Mark Abrams is a versatile part of the KYW Newsradio family, serving as a reporter, anchor and editor.
A graduate of Kutztown State College, he got his start in the industry in the mid-1970s as a talk-show producer, later serving as a reporter, news anchor, and news director for the former WHUM in Reading, Pa.
He was lured to the print side of the media business in 1981, working for nearly 18 years as a reporter, columnist and desk editor for the Reading Eagle and Reading Times newspapers. He covered a variety of beats and assignments including city and county government and politics, the police desk, transportation, public utilities and state regulatory agencies.
Abrams is a Fellow of the Knight Center for Specialized Journalism at the University of Maryland, College Park, where he was selected to pursue studies in two important areas: (1) the nuclear industry and the impact of the Three Mile Island accident; and (2) the information superhighway.
In addition, Abrams is an adjunct professor at Temple University where he teaches writing for mass media and broadcast newswriting.
Abrams has worked for a number of stations in Philadelphia including WPEN and WIP, serving as a weekend news anchor at both of those stations.
He also appears as a reporter for Berks Community Television coverage of the Berks County primary and general elections on Comcast Cable.
In April 2005, Mark traveled to Rome for KYW Newsradio, where he provided extensive coverage of the selection of Pope Benedict XVI following the death of John Paul II.
It wasn’t Mark’s first trip to Rome. In 2000, he covered the pilgrimage for the canonization of Philadelphia’s St. Katharine Drexel for KYW Newsradio.
Mark is an avid amateur radio operator. He is the proud father of four children.
Investigators say they were no signs of forced entry into the home and no visible injuries to either the man or the woman.
Three SEPTA police officers are now wearing body cameras attached to the microphones of their two-way radios as they patrol the transit system.
Authorities are continuing to investigate the source of a noxious odor which caused the evacuation of more than 100 people Sunday night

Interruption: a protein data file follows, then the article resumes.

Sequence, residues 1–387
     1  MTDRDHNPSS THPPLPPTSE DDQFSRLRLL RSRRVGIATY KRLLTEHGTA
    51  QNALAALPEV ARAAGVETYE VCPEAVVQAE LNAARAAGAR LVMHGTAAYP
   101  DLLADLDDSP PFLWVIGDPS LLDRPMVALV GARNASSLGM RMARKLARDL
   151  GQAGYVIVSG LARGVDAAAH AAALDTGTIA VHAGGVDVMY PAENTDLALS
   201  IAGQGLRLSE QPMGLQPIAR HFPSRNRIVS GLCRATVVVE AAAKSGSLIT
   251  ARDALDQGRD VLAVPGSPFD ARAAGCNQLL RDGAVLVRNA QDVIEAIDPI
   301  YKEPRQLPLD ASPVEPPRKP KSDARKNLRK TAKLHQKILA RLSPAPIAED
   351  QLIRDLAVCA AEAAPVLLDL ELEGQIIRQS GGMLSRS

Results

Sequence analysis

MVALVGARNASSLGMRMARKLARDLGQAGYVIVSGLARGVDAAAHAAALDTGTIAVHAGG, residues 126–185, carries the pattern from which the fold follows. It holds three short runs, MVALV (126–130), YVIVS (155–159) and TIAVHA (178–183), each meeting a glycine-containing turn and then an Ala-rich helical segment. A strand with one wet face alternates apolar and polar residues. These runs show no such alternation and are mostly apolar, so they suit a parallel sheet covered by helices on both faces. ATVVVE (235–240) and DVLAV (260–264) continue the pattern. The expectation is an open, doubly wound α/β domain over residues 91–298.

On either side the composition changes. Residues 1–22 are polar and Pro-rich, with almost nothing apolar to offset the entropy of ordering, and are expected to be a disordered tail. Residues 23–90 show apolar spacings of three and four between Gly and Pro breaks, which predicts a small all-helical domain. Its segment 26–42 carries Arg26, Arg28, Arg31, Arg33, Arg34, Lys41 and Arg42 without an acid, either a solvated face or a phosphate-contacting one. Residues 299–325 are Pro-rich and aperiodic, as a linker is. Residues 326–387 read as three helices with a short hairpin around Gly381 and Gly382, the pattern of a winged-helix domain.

It’s called Favorites, and it’s located inside the former Stone Grille on the Blackwood-Clementon Road in Gloucester Township.
It’s a significant development that would net the financially troubled church in Philadelphia some $95 million.
A Peco spokesman reports power went out Tuesday morning, shortly after 11:15am.
SEPTA’s regional rails were back in business for the Monday morning commute, thanks to a presidential executive order that derailed a strike by some 400 locomotive engineers and electricians.
Veterans and their friends came to find out what’s available.
Youngsters who take part in Philadelphia’s After School Activities Partnership put their Scrabble smarts to the test during a competition inside the Philadelphia Museum of Art.
Commissioner Ramsey says his son, a Penn State graduate who had been working as a probation officer, finally decided to join the “family business.”
The junior at Archbishop Carroll High School recruited them for what he called one final mission – a trip to recognize their service
Karen Quigley is a special education teacher at Gloucester County College, and owned contest-winning dog Elwood. She is starting a scholarship fund for students with special needs.
Some were Philadelphia residents, others veterans, and others simply identified themselves as people who care about clean air. Each expressed respectful opposition to a proposal by the Department of Environmental Protection to modify regulations covering certain pollutants.
Abington police say they searched the home after a phony bill was passed at Rita’s Water Ice, on Easton Road in Glenside, last Thursday evening.
PECO has managed to restore power to most of the 4,000 customers affected by outages caused by fires and failures in underground transformers late Tuesday afternoon in Center City.